Abortion rights activists plan protests outside of Supreme Court justices’ homes
Abortion rights activists are planning to protest outside of the homes of the conservative justices on the Supreme Court after a leaked draft of a majority opinion overturning Roe v. Wade was published earlier this week.
Ruth Sent Us, a progressive activist organization, posted on their website that they will be protesting outside the homes of the six conservative justices on May 11.
“At the homes of the six extremist justices, three in Virginia and three in Maryland. If you’d like to join or lead a peaceful protest, let us know,” the site reads.
The planned protests come after Politico published the leaked draft written by staunch conservative Justice Samuel Alito that states the court would overturn Roe v. Wade, effectively ending federal protections for abortions. The opinion would move the decision on abortion down to the states.
Following the report, the Supreme Court said that the draft, which was penned in February, was authentic, but that a final decision has not yet been made on the matter.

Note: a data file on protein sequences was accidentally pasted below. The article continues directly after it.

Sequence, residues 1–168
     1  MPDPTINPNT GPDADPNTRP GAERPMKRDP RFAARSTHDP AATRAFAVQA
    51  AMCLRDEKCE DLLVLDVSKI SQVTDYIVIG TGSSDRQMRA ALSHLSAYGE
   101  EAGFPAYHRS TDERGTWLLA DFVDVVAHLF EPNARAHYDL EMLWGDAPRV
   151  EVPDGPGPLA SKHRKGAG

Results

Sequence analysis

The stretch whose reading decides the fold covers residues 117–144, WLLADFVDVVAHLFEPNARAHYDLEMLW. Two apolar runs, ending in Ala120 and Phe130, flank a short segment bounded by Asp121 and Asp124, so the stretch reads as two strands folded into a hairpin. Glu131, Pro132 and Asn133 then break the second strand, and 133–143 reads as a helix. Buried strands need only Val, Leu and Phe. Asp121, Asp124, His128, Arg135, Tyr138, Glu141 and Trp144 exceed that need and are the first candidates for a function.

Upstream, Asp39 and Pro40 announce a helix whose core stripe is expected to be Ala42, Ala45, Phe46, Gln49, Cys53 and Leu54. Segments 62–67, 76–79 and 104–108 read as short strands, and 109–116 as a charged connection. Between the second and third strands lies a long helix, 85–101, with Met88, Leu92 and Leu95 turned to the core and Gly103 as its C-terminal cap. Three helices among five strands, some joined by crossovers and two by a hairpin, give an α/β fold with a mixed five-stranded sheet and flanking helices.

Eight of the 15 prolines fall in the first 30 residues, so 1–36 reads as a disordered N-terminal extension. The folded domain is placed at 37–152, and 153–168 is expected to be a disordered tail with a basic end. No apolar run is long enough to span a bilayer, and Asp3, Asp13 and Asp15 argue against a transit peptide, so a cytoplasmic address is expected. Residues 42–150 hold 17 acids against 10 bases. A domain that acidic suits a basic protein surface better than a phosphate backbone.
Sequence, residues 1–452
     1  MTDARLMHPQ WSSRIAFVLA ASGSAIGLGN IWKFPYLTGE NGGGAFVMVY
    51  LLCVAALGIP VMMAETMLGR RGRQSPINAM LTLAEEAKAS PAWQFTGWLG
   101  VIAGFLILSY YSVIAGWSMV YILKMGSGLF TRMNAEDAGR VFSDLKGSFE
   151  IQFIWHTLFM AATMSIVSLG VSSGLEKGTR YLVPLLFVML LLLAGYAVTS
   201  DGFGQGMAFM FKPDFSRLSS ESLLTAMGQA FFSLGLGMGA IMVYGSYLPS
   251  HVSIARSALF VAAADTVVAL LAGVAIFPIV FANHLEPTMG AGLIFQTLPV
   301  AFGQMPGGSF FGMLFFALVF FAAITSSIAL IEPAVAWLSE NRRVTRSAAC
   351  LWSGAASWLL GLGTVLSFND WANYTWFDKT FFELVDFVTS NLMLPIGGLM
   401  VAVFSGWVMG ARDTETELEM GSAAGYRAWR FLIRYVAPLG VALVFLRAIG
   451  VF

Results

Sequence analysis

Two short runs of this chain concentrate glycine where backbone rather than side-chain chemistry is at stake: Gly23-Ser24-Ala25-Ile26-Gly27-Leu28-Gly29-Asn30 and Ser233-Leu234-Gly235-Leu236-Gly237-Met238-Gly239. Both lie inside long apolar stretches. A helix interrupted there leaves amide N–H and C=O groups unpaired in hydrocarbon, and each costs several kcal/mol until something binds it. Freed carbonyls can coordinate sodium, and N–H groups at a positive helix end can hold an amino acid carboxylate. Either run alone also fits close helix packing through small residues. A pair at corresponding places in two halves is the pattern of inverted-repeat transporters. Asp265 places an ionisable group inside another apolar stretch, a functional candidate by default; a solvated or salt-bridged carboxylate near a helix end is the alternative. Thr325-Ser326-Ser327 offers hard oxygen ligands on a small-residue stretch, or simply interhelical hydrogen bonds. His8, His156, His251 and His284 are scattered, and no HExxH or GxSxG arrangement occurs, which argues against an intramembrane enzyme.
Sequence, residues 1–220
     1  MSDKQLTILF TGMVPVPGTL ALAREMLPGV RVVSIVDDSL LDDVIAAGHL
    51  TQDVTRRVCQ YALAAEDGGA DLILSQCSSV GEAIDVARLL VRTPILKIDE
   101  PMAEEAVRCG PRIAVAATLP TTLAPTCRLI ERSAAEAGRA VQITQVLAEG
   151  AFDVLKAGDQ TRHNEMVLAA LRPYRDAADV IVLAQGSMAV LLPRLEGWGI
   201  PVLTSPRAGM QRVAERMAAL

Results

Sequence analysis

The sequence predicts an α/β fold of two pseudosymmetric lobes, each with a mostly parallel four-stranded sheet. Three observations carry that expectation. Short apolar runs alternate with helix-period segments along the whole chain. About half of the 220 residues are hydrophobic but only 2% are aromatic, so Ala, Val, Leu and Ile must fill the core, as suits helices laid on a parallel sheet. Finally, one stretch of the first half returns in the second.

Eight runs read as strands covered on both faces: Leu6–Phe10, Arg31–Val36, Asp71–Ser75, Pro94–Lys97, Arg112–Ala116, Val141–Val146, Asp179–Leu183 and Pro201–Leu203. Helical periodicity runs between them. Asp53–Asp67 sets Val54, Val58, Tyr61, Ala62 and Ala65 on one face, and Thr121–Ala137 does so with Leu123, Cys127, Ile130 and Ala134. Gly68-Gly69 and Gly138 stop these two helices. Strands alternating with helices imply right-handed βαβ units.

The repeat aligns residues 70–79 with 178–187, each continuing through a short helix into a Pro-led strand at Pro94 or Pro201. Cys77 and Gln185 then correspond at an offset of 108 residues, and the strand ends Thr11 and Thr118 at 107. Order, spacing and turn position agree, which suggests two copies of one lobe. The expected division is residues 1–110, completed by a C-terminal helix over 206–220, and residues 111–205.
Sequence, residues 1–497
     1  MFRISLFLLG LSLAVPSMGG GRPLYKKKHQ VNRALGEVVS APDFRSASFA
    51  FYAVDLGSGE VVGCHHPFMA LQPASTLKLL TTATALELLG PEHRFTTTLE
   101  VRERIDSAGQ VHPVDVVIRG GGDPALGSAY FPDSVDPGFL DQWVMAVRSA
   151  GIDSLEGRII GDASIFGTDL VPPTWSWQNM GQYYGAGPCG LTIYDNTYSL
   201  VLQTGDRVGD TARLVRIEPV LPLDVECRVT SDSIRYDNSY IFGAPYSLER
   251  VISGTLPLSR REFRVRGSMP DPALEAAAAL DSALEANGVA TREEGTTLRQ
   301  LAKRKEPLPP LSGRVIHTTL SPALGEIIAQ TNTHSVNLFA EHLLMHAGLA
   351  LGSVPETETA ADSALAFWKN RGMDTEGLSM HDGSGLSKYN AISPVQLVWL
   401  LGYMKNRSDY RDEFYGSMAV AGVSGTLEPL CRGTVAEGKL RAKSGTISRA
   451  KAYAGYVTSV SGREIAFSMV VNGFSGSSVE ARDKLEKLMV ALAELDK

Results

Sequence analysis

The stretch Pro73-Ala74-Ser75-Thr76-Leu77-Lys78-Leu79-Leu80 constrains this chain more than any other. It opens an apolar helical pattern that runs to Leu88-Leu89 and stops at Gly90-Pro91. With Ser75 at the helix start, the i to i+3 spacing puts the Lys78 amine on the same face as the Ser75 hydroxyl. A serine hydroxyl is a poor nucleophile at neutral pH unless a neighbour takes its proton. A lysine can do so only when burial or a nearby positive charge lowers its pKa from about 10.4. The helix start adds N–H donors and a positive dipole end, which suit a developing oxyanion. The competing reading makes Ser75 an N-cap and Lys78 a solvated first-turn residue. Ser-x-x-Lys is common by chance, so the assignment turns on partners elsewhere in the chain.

Another group, Shutdown DC, announced a vigil at Alito’s house on Monday, May 9.
“Justice Alito thinks he can take away our rights. But our rights are fundamentally ours. We’re showing up to tell him in person,” the tweet read.
The tweet included a graphic with the location of the justice’s house.
When asked about previous protests outside of the justices’ homes on Thursday, White House press secretary Jen Psaki dodged the question.
“I think our view here is that peaceful protests — there’s a long history in the United States, in the country of that. And we’ve certainly encouraged people to keep it peaceful and not resort to any level of violence,” Psaki said when asked if the president would discourage protesters from going to the justices’ homes.
The six conservative justices are: Brett Kavanaugh, Clarence Thomas, Amy Coney Barrett, Samuel Alito, Neil Gorsuch and John Roberts.
When asked if the White House condoned posting justices’ addresses online, Psaki said: “The president’s view is that there’s a lot of passion, a lot of fear, a lot of sadness from many, many people across this country about what they saw in that leaked document,” Psaki said.
“We obviously want people’s privacy to be respected. We want people to protest peacefully if they want to protest. That is certainly what the president’s view would be.”
The Hill has reached out to the Supreme Court for comment.
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